13. #1013
    Join Date
    Sep 2007
    Posts
    2,576
    Overthinking this? No, not really, but each gauge will likely give a different value when measuring pressure. You can really go down the rabbit hole on standards and accuracy of the instruments used to measure. Most of that is not important, and the ROI of buying an expensive gauge and having it calibrated is non-existent for what we are doing.

    That is why it is helpful to take measurements on the same gauge. Mine might read 5psi when yours reads 4.5psi for the same pressure in your tire. If you are using somebody else's gauge, expect that you'll need to find tune the pressure on the trail. This is the same with shock pumps. It's always easier to remove (tire) pressure on the trail than it is to add it, so with an unknown gauge, maybe start high.

    I hope that's helpful.

    Seth

    Sent from my SM-N970U using Tapatalk

  14. #1014
    Join Date
    Jan 2012
    Location
    Gateway to The Greens
    Posts
    491
    Well I did a little more digging and it turns out my friend's digital gauge has a range of 0-100 psi so I'm pretty sure its accuracy at low pressure is pretty questionable. I looked on Meiser's website and found this:

    "The mechanical accuracy rating is ± 2% from 30% to 60% of scale and ± 3% below 30% and above 60%."

    Mechanical gauges are typically most accurate in the middle of their range. Digital gauges are similar but I haven't been able to find any specific stats for standard gauges. But, it does seem that a dedicated low pressure gauge(1-15 psi) is ideal for fat tires. So, I'm sticking with the Meiser and what it's telling me.

  15. #1015
    Join Date
    May 2002
    Location
    Halfway Between the Gutter and the Stars
    Posts
    3,275
    Techno weenies. Just give them a poke with your thumb and make a decision based on yesterday's ride and current snow conditions.
    You are what you eat.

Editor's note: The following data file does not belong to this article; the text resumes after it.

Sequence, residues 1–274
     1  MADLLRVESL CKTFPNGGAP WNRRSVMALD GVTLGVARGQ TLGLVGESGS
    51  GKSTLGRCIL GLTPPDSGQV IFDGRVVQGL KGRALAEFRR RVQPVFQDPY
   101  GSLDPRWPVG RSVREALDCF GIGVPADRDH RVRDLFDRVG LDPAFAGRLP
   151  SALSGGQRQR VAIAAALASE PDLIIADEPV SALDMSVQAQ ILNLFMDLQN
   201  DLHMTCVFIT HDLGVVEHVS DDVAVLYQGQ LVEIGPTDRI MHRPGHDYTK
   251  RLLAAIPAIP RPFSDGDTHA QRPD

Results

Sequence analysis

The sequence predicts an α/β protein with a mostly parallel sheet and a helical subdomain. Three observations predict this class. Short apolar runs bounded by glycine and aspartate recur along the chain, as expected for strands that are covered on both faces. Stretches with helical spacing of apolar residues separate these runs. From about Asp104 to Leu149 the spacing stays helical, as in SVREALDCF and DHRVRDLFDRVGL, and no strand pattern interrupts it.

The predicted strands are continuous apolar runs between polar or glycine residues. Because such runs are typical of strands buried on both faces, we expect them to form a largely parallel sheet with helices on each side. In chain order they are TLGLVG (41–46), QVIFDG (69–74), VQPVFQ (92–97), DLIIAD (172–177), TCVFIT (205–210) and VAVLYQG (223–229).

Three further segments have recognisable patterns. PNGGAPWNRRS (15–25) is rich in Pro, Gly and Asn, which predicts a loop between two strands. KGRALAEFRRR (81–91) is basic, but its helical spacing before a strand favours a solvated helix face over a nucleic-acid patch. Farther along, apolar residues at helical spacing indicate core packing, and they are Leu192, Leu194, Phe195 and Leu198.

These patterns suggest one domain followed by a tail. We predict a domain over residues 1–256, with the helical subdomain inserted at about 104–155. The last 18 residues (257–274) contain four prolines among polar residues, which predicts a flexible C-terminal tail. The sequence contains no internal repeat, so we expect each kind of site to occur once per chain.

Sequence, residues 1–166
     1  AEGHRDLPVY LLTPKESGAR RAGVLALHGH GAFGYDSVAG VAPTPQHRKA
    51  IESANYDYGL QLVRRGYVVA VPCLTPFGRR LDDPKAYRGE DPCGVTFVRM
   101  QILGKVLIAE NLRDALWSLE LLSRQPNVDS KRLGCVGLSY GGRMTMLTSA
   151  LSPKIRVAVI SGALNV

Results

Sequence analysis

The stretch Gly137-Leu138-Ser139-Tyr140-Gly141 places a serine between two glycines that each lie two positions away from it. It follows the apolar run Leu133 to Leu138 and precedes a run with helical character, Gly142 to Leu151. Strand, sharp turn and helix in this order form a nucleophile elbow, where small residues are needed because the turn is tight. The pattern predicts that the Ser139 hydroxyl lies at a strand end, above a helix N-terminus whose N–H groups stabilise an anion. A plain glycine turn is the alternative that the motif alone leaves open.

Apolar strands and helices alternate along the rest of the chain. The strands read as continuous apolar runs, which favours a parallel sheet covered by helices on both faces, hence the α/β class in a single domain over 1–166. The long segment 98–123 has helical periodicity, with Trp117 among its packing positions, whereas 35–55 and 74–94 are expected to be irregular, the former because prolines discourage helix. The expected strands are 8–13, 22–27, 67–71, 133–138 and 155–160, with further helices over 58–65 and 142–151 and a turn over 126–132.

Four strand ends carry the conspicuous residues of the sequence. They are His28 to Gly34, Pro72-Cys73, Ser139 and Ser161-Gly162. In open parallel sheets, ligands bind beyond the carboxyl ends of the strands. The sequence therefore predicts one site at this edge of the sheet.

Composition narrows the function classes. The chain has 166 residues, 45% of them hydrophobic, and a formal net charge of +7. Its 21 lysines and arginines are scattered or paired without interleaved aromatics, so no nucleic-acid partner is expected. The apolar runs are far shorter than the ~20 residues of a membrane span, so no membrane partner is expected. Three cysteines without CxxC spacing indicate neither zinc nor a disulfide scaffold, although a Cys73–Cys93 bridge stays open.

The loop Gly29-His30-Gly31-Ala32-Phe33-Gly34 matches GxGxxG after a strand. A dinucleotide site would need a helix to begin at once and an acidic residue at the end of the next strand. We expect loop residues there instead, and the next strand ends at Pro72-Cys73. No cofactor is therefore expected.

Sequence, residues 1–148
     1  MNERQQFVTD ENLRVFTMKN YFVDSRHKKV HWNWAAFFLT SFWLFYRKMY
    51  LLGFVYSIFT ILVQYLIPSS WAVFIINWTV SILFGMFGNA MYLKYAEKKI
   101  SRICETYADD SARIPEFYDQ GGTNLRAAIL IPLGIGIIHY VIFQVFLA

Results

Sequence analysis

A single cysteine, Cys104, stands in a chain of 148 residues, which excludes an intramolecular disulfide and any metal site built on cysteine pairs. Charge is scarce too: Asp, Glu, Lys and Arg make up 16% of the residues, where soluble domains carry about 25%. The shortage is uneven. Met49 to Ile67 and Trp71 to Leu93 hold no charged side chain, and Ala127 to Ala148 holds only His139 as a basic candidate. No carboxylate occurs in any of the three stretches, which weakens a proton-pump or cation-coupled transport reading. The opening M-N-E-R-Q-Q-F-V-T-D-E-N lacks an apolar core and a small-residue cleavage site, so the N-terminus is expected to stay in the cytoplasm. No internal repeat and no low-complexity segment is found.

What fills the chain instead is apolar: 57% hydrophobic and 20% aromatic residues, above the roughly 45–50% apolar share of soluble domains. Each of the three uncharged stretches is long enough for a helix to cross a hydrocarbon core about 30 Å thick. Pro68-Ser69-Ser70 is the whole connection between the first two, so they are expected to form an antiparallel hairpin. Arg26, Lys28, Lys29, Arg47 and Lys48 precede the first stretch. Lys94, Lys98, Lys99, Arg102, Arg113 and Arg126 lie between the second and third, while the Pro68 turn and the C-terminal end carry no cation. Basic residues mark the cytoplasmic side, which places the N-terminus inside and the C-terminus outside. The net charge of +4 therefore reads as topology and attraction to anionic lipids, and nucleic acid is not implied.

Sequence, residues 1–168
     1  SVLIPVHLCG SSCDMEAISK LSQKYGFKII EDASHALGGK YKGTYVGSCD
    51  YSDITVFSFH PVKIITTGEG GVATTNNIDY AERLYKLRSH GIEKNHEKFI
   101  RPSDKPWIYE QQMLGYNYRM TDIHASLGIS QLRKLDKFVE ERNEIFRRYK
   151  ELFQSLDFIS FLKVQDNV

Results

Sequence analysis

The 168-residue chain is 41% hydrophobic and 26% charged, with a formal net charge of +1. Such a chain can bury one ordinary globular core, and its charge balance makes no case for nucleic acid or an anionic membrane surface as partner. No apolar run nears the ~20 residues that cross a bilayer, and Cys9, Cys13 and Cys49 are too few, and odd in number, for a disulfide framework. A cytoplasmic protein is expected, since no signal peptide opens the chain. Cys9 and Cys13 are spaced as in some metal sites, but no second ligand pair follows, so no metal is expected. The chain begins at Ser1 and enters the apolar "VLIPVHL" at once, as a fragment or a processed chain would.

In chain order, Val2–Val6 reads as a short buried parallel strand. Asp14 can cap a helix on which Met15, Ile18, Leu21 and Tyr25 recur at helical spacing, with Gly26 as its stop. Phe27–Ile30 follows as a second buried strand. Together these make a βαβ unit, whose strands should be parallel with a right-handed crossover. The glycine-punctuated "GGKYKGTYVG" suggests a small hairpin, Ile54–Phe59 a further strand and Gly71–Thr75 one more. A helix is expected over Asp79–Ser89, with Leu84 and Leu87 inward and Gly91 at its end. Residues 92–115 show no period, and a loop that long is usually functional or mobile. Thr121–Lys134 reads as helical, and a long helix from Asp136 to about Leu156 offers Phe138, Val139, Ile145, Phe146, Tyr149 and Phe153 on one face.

---------------------------------------------------
    There's no such thing as bad snow, just shitty skiers.

  16. #1016
    Join Date
    Apr 2009
    Location
    Granite, UT
    Posts
    767
    Quote Originally Posted by Beaver View Post
    Techno weenies. Just give them a poke with your thumb and make a decision based on yesterday's ride and current snow conditions.
    THIS /\ If I spent this much time contemplating tire pressures, I'd never get a ride in. I can't remember the last time I used a tire gauge. Just fingerbang it and be done.

  17. #1017
    Join Date
    Jan 2012
    Location
    Gateway to The Greens
    Posts
    491
    Some like using gauges and others prefer to “fingerbang”. To each their own...


    Sent from my iPhone using Tapatalk

  18. #1018
    Join Date
    Dec 2015
    Posts
    409
    I had 2 fattystripper liners go bad within 2 weeks of one another (18mos use). Not real happy about that. Each one developed a slow leak, then critical failure a week later.

    Tire Gauge: I run the Accu-Gauge 0-15psi. I also have a Topeak Digital. The Topeak is grossly inaccurate at low pressures. It also doesn't differentiate between 2.2psi and 2.9psi (both are "2psi", at which point it goes to 1 or 3psi LOL). Analog FTW. I have a friend who bought the same Accu-Gauge, but it won't read higher than 2.5psi, the needle sticks. So 3 and 7psi read the same. Had to exchange it thru Amzn.